Farewell, my dears. Today is one of the biggest days of my life, the day I walk across the stage to receive my not-actually-a-diploma, the culmination of four years of hard work and a lot of effort. I'm excited about what the future has to offer and the places we'll go, but it's bittersweet.

I love you, Asbury.


Life on Lime: a documentary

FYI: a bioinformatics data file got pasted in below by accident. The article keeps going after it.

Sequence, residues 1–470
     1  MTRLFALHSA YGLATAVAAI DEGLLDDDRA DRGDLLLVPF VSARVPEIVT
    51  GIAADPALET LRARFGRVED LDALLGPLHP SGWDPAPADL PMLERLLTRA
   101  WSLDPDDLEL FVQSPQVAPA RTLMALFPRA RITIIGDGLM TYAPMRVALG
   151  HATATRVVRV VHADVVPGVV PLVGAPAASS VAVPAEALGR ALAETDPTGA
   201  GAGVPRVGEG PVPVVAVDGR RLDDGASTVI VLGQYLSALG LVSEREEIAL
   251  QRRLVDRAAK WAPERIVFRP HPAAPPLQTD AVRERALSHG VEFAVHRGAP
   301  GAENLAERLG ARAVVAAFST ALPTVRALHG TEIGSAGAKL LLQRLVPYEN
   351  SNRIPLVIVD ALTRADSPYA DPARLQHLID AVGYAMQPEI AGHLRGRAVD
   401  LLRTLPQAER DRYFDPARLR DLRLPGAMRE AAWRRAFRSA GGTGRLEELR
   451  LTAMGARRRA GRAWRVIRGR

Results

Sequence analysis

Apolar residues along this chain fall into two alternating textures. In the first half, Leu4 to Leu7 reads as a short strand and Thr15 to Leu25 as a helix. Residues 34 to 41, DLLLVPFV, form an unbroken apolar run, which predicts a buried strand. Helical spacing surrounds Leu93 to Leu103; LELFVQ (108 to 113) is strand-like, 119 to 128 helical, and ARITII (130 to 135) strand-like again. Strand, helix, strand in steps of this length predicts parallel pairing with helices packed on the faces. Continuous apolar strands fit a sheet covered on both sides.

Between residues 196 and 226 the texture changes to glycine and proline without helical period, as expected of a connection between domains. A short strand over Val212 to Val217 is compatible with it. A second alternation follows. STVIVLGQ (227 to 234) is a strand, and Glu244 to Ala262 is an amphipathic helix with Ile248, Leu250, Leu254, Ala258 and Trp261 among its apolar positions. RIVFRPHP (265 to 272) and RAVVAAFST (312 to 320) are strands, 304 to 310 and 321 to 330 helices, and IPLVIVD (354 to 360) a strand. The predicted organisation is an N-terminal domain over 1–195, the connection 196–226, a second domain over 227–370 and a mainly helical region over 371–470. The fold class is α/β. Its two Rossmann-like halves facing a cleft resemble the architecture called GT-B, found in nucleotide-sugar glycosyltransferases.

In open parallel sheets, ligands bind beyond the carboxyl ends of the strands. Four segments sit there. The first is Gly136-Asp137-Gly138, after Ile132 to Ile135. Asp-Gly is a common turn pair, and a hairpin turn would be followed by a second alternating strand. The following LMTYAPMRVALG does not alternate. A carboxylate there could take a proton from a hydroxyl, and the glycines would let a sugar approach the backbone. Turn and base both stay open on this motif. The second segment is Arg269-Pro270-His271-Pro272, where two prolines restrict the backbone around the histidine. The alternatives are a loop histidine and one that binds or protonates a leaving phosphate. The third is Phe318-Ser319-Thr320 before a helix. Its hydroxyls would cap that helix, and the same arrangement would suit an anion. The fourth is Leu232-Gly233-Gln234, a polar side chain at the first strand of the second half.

From right to left: me, Kajsa and Cassie, a.k.a. the crew. Between the three of us, we poured more than 260 hours into the project over the course of the semester. We drove dozens of miles between Wilmore and Lexington, ate countless donuts and ventured forth at 3:30 a.m. for a shoot. There were tears, angry words and threats to drop the class. But in the end, there was a seven-minute documentary about a really awesome revitalization happening in downtown Lexington, Kentucky. It was for a little class called Documentary Filmmaking, a requirement for all Journalism & Digital Storytelling majors at Asbury, and one of the scariest classes any journalism major has ever had to face. Especially those journalism majors with little experience in video and editing. It was a wild ride, to say the least. Cassie and I chose each other and Kajsa on the very first day of class, and from then on we were a team; the three of us against the world, ready to take on any challenge life could throw at us...and there were many. Our very first interview was set for 9 a.m. on a Thursday morning, so Kajsa and I got into my roommate's car and headed for North Lime Coffee & Donuts, only the best donut place in all of Lexington. We had to redo that shoot a few weeks later. Something about a poor background and bad composition. Strike one. We had to redo our second interview as well; this time it was fuzzy, and, again, bad background. Strike two. The way our professor, Greg Bandy, ran the class, was that we had a certain amount of time for pre-production, the planning, researching and setting up of interviews; then we moved to production, when we were supposed to get all of our shooting done (we didn't--strike three. Whoops). Finally, there was a month allotted for post-production, in which we did editing. And also a lot more shooting. The day our second cut was due, every single student in our class gave us the same feedback: MORE B-ROLL. So we got more b-roll. And then we edited. And edited. And pulled our hair out over low audio, shaky b-roll and where to stick that one clip. We giggled over a resemblance of one interviewee to a classmate, and over the iconic, "...and people yelling." We batted around titles, including, "Candace is awesome," and, "Some people talking. Also Candace." (We love'll see why.) In the end, the long hours and hair-pulling out sessions paid off: we turned in a seven-and-a-half minute documentary to our professor. And hey, I think it's not half bad. More importantly, though, I had a great experience figuring out how to plan, shoot and edit a documentary. I think I can safely say it was an unforgettable experience. [vimeo 113935601 w=500 h=281] Life on Lime from Kajsa Swanson on Vimeo.